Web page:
02 Nov


Replacing your smoke alarms

  • Replace all smoke alarms when they are 10 years old. To determine the age of your smoke alarm, look at the back where you will find the date of manufacture. Smoke alarms should be replaced 10 years from the date of manufacture.
  • Immediately replace any smoke alarm that does not respond properly when tested.
  • Replace combination smoke-carbon monoxide alarms according to the manufacturer’s recommendations.


Smoke Alarm Placement

Proper placement of your smoke alarm can mean getting out safely or not getting out. It is a scary reality, but it is reality nonetheless. Properly placed smoke alarms save lives!!

As the illustration below shows, proper placement in single level and multi-level homes are different, but one thing remains the same. Place smoke alarms inside of each bedroom and outside of each sleeping area. This is more important if your alarms are not wired together, which we will discuss in a later post. 

In multi-level homes, in addition to the alarms inside each bedroom and outside of each sleeping area, you should also place an alarm on each level including the basement. This will allow you to be alerted to smoke and/or fire on a level that you may not be on. The living room is another important location place an alarm, either in or near by. 

You will notice that neither of homes in the illustration have smoke alarms in or near the kitchen. It is recommended that alarms are kept at least 10 feet away from the kitchen due to light smoke and steam from normal cooking operations. Also, do not place alarms in or directly outside of bathrooms due to steam from showers. 

Finally, do not place smoke alarms near heat or AC vents because air could move the smoke away from the alarm, causing the alarm not to alert when seconds count.


The Different Types of Smoke Alarms

The two primary types of residential smoke alarms contain either ionization or photoelectric sensors. Each type of smoke alarm detects distinctly different types of fires, so dual sensor alarms, which utilize both types of sensors, have risen in popularity.

Smoke detectors consist of two basic parts: a sensor to sense smoke and a loud electronic alarm. They can run off of a 9-volt battery or be hardwired into a 120-volt house current. The batteries, or backup batteries in a hardwired system, should be tested on a regular basis and replaced at least once each year.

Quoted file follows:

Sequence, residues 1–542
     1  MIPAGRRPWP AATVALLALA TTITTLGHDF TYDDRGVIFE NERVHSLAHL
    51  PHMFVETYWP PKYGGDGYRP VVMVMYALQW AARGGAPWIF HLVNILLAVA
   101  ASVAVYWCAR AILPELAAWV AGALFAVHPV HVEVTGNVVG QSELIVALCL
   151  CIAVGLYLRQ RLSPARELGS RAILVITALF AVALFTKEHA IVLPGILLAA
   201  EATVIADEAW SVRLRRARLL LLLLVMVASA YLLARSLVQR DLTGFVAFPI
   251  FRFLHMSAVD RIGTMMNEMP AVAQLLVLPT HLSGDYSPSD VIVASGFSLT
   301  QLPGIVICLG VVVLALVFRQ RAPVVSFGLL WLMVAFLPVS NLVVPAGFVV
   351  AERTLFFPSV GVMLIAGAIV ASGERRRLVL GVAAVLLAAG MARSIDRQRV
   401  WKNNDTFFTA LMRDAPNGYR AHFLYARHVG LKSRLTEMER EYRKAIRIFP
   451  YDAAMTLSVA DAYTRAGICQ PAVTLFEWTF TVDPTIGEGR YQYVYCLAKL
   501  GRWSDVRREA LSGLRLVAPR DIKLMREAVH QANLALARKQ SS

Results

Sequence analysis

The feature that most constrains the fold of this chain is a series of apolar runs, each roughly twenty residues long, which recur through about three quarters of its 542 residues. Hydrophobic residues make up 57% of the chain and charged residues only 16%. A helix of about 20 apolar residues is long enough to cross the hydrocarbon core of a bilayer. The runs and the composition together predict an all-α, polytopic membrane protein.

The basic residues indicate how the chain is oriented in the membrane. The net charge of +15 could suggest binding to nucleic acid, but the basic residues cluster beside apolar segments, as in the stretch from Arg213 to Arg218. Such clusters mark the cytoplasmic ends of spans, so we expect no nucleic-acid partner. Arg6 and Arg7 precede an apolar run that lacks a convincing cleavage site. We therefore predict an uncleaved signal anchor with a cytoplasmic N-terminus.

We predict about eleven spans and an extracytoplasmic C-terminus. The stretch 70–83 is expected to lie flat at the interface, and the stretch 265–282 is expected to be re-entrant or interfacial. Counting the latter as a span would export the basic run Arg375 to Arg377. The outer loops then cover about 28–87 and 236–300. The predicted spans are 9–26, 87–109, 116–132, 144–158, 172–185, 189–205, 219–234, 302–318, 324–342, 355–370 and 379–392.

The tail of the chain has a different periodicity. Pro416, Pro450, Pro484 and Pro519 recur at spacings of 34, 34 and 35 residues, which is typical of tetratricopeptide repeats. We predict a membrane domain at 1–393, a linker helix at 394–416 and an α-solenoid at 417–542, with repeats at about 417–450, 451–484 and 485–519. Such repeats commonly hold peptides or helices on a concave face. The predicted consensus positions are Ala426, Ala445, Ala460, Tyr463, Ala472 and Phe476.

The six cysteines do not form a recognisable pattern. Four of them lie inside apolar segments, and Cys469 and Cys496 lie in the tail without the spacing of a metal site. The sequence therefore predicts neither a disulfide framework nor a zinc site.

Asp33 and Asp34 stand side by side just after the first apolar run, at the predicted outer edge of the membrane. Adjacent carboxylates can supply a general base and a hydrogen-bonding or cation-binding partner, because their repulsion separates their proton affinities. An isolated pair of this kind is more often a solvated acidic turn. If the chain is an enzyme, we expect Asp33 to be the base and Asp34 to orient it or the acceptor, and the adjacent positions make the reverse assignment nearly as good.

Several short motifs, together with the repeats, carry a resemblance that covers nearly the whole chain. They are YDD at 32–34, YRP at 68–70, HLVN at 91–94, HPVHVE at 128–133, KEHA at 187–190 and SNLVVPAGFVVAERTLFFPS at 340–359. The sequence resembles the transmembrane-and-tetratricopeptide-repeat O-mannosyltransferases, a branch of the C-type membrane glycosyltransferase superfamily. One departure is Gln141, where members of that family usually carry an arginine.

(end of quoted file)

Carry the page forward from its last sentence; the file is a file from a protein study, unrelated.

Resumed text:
Additionally, some smoke alarms are designed to meet the needs of people with hearing disabilities. These alarms use strobe lights and vibrations to alert anyone unable to hear standard smoke detectors.

  • Ionization
  • Photoelectric
  • Dual Sensor


Ionization smoke detectors contain a very small amount of americium-241 within an ionization chamber. They create an electric current between two metal plates, which sound an alarm when disrupted by smoke entering the chamber. Ionization smoke alarms can quickly detect the small amounts of smoke produced by fast flaming fires, such as cooking fires or fires fueled by paper or flammable liquids.

This type of smoke detector, which is commonly used in kitchens, is prone to nuisance tripping. For example, we’ve all experienced the loud annoying chirping when we leave a cake in the oven too long or add oil to an extremely hot pan. When this happens, people are more prone to disable the alarms.

Photoelectric smoke detectors contain a light source in a light-sensitive electric sensor, which are positioned at 90-degree angles to one another. Normally, light from the light source shoots straight across and misses the sensor.  When smoke enters the chamber, it scatters the light, which then hits the sensor and triggers the alarm.

Photoelectric smoke detectors typically respond faster to a fire in its early, smoldering stage – before the source of the fire bursts into flames. These detectors are more sensitive to the large combustion particles that emanate during slow, smoldering fires, which usually occur at night when people are asleep.

Dual Sensor
Dual sensor smoke detectors include both ionization and photoelectric sensors, so they should adequately alert homeowners of a smoldering fire or a fire with active flames. Some safety organizations have previously recommended these smoke alarms, because they should cover a broad range of fires.

However, there are no industry standards for setting the individual sensor sensitivity in dual sensor alarms. This means that a dual sensor alarm could have a non-functional ionization sensor, but as long as the photoelectric sensor works, it still meets the national standards developed by Underwriters Laboratories (UL).

(Source: www.asecurelife.com)


Facts and Figures about Smoke Alarms

  • In 2009-2013, smoke alarms sounded in more than half (53%) of the home fires reported to U.S. fire departments.
  • Three of every five home fire deaths resulted from fires in homes with no smoke alarms (38%) or no working smoke alarms (21%).
  • No smoke alarms were present in almost two out of every five (38%) home fire deaths.
  • The death rate per 100 reported home fires was more than twice as high in homes that did not have any working smoke alarms compared to the rate in homes with working smoke alarms (1.18 deaths vs. 0.53 deaths per 100 fires).
  • In fires in which the smoke alarms were present but did not operate, almost half (46%) of the smoke alarms had missing or disconnected batteries. 
  • Dead batteries caused one-quarter (24%) of the smoke alarm failures.

Source: National Fire Protection Association's "Smoke Alarms in U.S. Home Fires" report, September 2015

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